I personally think that Maven is such a strong character. By strong, I am referring not to his courage, but to the dynamic, three-dimensional depth of his personality, history, feelings, and motivations. The reason that he torments Mare so much (especially in Glass Sword) is because he loved her, but she chose someone else. His anger towards his brother, who’s shadow he has always stood in, fuels him. This anger is carried out on Mare, the girl he once loved. While Maven is – frankly – insane, he has a motivation that seems so real and honest and natural that I as a reader can’t help but understand him. I don’t agree with him, but he is one of the most fleshed-out villains I can think of, and his motivation makes sense. The reason he does things makes sense. I could spend a lot of time picking through all of Maven’s many vengeances and motivations, and the backstory of why he makes the decisions he does, but instead, I’ll just say… go read the series, if you haven’t. But if you haven’t, you probably shouldn’t have read this, because I’ve just spoiled everything for you :D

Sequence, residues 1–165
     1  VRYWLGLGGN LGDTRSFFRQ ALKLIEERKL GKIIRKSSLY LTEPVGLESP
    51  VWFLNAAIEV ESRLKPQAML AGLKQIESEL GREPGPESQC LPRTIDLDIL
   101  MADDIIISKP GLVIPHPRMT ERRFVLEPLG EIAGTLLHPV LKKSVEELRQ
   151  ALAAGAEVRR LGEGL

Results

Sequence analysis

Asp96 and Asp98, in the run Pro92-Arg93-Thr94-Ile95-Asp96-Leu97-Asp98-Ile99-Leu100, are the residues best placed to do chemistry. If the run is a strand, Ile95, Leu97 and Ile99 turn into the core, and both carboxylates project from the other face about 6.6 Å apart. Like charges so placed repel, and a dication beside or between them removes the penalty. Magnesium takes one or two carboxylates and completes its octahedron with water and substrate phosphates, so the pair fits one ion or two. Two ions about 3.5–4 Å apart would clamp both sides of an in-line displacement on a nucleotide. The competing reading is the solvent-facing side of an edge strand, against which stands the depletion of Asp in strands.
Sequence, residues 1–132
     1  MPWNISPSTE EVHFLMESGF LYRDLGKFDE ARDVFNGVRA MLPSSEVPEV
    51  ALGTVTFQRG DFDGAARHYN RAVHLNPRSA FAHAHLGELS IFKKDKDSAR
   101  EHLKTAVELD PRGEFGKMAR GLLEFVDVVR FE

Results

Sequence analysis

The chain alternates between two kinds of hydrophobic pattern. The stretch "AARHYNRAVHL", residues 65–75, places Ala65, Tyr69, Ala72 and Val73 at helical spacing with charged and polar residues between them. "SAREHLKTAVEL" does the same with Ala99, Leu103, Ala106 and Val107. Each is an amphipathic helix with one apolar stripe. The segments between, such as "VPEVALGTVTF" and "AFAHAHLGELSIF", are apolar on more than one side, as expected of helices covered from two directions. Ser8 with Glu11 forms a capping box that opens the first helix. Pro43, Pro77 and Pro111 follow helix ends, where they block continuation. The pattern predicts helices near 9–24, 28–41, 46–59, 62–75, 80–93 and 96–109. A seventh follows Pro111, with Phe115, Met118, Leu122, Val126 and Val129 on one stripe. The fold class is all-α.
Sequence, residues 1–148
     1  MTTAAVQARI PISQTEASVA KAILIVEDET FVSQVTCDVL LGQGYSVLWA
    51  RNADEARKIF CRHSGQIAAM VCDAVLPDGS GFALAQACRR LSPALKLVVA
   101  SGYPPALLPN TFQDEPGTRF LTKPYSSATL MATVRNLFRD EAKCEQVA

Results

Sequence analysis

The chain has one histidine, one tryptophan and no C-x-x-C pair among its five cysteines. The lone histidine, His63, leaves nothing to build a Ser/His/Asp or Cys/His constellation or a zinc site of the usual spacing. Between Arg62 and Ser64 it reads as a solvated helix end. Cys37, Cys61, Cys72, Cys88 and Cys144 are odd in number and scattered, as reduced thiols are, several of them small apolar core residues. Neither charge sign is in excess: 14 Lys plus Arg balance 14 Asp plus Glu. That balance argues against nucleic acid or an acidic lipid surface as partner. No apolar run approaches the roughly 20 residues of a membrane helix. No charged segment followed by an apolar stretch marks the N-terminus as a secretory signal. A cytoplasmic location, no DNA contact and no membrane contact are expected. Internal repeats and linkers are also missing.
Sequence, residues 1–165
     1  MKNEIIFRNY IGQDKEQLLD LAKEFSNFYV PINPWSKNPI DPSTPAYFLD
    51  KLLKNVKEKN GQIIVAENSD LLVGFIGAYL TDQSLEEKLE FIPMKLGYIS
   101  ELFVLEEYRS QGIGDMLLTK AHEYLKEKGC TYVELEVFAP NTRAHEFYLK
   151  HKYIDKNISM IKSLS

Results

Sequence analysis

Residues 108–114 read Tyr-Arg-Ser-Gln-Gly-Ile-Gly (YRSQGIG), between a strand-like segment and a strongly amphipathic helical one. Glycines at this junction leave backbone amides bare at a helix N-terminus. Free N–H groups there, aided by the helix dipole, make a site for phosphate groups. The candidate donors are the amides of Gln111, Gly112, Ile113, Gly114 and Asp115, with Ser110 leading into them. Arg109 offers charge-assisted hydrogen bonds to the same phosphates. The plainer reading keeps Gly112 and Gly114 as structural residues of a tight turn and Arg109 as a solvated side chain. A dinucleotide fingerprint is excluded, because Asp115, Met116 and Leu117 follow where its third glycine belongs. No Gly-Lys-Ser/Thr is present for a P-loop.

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***END SPOILERS***

Let’s go back to the John Rogers quote. “You don’t really understand an antagonist until you understand why he’s a protagonist in his own version of the world.” In your villain’s mind, they should be the hero. They are right, and the protagonist is someone standing in their way. Aside from mental issues which may cause someone to act irrationally or without any clear motive, villains have reasons for their actions. Even the most selfish, evil, greedy, power-hungry, despicable, barbaric antagonist in the world… has some motivations for doing what they do. The more complex, twisted, and genuine the motivation, the more complex, twisted, and genuine the villain.

Let’s say that again for emphasis…

The more complex, twisted, and genuine the motivation, the more complex, twisted, and genuine the villain.